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Need Help Identifying Japanese WW2 Hachimaki

Article about: Hi, I have this WW2 hachimaki that was given to me by a WW2 US sailor who traded it for cigarettes with a Japanese POW. Has anyone ever seen this exact one or know how to figure out what uni

  1. #11


    Quote by Rod View Post
    Nice Dave, way to pull it all together!

    For what it's worth, a 'maki' is a wrap. Japanese soldier's puttees are called makikyahan, sushi seaweed wraps are maki and hachimaki are head wraps.

    Cheers guys!
    Everything you say is correct .... but "hachimaki" is more literally translated as a "bowl wrap" (^__^)

    【はち】--Hachi -- (n) (1) bowl; pot; basin; (2) flowerpot; (3) crown; brainpan;

    (P); 巻き 【まき】 --Maki -- (n) (1) roll (e.g. of cloth); (2) winding; (3) volume (of book)
    The reason maki is used as a counter for book .... books used to be scrolls; thus ... "rolls."


  2. #12


    What you have is a common navy towel, a tenugui, not a hachimaki. It is used to wash yourself in a bath. Anyone who takes baths in the navy will have one, not only the NLF.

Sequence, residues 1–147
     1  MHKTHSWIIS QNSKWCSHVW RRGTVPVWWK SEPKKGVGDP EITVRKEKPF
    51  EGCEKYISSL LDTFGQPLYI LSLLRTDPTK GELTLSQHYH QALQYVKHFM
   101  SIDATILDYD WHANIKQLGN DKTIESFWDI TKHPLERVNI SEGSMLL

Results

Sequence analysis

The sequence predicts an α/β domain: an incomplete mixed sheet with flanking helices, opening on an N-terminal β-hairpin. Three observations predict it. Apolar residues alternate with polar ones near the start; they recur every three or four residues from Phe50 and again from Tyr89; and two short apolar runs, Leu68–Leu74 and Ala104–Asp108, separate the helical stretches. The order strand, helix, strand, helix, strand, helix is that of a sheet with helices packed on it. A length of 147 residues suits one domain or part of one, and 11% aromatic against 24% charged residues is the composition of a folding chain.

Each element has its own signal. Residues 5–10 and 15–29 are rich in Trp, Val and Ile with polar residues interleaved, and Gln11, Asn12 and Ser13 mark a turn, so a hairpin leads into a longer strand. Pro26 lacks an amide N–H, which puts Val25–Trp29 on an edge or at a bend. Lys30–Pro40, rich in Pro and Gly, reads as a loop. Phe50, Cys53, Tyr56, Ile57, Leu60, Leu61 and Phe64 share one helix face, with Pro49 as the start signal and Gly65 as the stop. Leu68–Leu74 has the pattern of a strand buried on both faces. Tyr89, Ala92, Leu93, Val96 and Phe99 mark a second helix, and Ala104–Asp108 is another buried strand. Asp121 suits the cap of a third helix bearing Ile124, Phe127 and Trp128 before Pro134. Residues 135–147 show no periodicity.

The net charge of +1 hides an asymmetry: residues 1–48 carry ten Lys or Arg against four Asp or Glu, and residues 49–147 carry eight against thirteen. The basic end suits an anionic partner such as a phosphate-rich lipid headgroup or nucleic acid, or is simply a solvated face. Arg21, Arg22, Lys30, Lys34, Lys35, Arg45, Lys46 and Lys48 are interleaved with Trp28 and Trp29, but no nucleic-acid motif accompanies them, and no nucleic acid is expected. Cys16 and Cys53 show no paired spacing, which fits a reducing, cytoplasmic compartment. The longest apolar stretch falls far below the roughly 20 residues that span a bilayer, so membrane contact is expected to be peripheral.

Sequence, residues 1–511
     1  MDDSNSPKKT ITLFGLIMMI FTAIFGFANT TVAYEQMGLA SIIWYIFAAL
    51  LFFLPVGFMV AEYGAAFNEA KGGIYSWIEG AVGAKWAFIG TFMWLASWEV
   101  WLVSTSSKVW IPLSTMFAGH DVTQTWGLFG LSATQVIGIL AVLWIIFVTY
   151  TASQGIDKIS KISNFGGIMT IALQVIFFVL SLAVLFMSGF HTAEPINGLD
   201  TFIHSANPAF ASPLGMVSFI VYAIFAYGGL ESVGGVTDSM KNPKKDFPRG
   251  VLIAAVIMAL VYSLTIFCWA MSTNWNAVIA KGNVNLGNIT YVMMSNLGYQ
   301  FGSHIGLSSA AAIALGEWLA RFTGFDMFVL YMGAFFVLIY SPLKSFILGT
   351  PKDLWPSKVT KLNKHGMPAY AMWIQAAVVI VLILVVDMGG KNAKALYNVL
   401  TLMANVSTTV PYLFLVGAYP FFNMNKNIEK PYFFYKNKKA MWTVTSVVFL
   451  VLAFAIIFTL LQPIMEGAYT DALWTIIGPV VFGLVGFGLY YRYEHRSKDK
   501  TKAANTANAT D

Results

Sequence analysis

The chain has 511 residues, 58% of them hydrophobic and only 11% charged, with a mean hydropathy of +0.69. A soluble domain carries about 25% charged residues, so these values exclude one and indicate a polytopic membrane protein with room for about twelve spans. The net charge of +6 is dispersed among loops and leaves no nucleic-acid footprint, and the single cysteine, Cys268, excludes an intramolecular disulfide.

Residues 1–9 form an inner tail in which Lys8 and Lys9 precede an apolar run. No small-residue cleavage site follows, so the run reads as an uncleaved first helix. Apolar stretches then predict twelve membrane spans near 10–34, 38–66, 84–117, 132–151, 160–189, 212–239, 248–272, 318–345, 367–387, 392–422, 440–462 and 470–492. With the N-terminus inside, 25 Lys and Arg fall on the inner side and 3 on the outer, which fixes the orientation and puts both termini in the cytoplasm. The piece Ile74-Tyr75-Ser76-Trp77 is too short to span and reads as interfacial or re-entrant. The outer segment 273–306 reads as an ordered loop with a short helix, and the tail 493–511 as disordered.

3. #13
    Rod is offline


    As always, your help is much appreciated Guy!

    Wrap and Roll High School student, Rod

  4. #14


    Here's a couple of 'captured' ones.



    Need Help Identifying Japanese WW2 Hachimaki

  5. #15


    A hachimaki (鉢巻, "helmet-scarf") is a stylized headband (bandana) in Japanese culture, usually made of red or white cloth, worn as a symbol of perseverance, effort, and/or courage by the wearer.

  6. #16

    Default Please help me identify this Hachimaki

    Need Help Identifying Japanese WW2 Hachimaki My dad brought this back after WWII was over. He served on a ship that was in support of the Philippines. I don't know if his ship went any where else in the Pacific. This cloth band is 28" X 1.75". In some of my research I have determined that the round red and blue symbol is used in Korea. Need Help Identifying Japanese WW2 Hachimaki Any information would be helpful.

  7. #17


    That says "Destroy Communism and unite (the country)", a standard South Korean slogan during the Korean War.

  8. #18


    Is it Japanese writing or Korean writing?

  9. #19


    Quote by jennis70 View Post
    is it japanese writing or korean writing?

    Both Korea and Japan use Chinese characters; these are called respectively "Hancha" and "Kanji" ... both words are spelt 漢字 and mean "Chinese Characters."

    Wiki has a good article about the use of Hancha in both Koreas.


  10. #20


    In other words your question was like "Is the alphabet English, German or French writing?"

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